On 19 December 2018, the Federal Government published a draft law on the protection of the financial interests of the European Union.
This draft law serves to implement the European Directive 2017/1371 of 5 July 2017, which may be regarded as the current basis for the criminal law protection of financial interests throughout the European Union. Only the United Kingdom and Denmark will not implement the Directive.
It was only in January 2019 that the study by Professor Richard Murphy of the University of London was published, according to which the national economies of the EU Member States may incur tax losses of up to 825 billion euros annually as a result of non-payment of taxes.
Much of these losses, the study says, stem from an existing extensive black economy and its consequences of non-payment of social security contributions, fraud and tax evasion.
The European Union had already declared war on these crimes years ago and now, with Directive 2017/1371, called on the Member States to adopt uniform rules on criminal offences designed to ensure the protection of the EU’s financial interests and to harmonise the main features of sanctions against natural and legal persons as well as procedural provisions.
The draft law now published by the German Federal Government confirms that the offences to be punished under the Directive are already covered to a large extent by the more general offences of the applicable German law, in particular the Criminal Code and the Tax Code. The criminal law protection covers not only conduct that is punishable in view of the financial interests of the European Union, but also offences that have exclusively national dimensions.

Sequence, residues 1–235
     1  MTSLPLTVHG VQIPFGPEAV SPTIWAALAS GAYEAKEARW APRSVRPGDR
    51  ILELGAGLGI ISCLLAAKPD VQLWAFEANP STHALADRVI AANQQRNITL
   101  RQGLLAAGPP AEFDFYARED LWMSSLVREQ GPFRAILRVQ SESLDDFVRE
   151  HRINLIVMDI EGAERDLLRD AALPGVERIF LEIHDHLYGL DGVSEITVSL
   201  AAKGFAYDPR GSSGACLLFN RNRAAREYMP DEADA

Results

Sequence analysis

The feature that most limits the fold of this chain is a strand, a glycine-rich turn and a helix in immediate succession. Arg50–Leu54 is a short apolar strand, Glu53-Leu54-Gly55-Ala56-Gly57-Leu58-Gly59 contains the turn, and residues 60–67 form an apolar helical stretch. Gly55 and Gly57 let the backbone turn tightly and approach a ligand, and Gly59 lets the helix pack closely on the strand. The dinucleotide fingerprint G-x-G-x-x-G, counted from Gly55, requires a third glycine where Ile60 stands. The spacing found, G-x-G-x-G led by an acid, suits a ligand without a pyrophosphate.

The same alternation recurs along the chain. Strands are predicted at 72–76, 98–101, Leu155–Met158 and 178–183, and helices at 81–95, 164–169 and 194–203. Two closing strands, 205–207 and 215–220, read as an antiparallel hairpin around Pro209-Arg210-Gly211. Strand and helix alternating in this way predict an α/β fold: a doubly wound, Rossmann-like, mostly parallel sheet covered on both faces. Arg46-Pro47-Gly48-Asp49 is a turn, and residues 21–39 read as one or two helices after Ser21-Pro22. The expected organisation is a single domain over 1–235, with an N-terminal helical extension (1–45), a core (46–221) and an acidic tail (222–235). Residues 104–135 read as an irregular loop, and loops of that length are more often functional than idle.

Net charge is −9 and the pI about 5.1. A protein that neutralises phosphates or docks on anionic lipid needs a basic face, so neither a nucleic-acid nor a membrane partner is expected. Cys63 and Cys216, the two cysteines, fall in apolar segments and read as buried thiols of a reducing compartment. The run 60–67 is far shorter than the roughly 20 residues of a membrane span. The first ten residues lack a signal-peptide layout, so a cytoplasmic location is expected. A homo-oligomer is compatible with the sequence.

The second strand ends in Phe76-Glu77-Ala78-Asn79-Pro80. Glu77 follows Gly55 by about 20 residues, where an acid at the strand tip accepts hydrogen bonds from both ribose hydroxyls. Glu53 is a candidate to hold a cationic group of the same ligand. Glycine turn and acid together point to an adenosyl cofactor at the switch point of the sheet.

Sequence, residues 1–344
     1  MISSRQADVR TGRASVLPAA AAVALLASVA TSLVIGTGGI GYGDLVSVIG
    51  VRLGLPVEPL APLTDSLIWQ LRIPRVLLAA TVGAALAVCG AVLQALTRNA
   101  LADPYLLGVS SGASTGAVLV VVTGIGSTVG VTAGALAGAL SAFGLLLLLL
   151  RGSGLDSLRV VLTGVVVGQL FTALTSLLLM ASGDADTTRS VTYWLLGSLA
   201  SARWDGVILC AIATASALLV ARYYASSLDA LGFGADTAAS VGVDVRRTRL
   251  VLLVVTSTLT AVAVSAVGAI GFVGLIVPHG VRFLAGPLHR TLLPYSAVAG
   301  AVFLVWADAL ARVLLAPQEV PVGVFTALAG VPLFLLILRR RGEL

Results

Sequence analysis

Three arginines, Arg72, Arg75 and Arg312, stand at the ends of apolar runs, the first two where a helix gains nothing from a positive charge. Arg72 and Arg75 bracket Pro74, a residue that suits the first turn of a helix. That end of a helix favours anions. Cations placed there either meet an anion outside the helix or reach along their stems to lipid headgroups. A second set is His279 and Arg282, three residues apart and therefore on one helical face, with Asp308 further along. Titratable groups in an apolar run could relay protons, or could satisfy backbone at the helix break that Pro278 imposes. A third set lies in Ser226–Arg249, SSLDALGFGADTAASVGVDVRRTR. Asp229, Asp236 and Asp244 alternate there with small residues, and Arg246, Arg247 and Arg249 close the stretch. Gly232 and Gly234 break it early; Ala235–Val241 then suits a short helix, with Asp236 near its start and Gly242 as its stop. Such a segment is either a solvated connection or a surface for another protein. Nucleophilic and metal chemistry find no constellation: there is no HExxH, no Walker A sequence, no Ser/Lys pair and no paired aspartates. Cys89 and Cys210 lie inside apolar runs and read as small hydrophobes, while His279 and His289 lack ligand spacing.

To the extent that the Directive also provides for sanctions, the content of the draft law requires the creation of new criminal offences „to prevent the improper use of services provided by the European Union“ and „to illegally reduce revenues of the European Union“ as well as „to bribery and corruption relating to the financial interests of the European Union“. The penalty range regularly includes a fine or imprisonment for up to five years.
The draft law has already been criticized by various bodies, as some critics do not believe that it contains the full range of problems arising from the implementation of the directive and thus leaves a gap in the criminal liability.
It is also surprising that the obligation to implement Directive 2017/1371 of the European Union of 5 July 2017 has obviously not contributed to rethinking sanctions against legal persons and closing gaps by creating its own corporate criminal law. The proposal for corporate criminal law has been the subject of intense debate in Germany for some time now.
In December 2017, for example, the Research Group on Criminal Law in Associations presented a „Cologne draft“ of an Act on Sanctions in Associations, which could also correspond to the goal of the coalition agreement of the current government to create a regulation on the criminal liability of companies and other associations.
The draft of the EU Financial Protection Strengthening Act briefly states with regard to the sanctioning of legal persons that there is no need for further implementation with regard to Directive 2017/1371, since fines can already be imposed on legal persons in the event of infringements of applicable law pursuant to Section 30 of the Administrative Offences Act.
It remains to be seen to what extent this draft law will be improved in the legislative process and what development the goal set in the coalition agreement of creating a criminal law framework for corporate responsibility will take in other ways.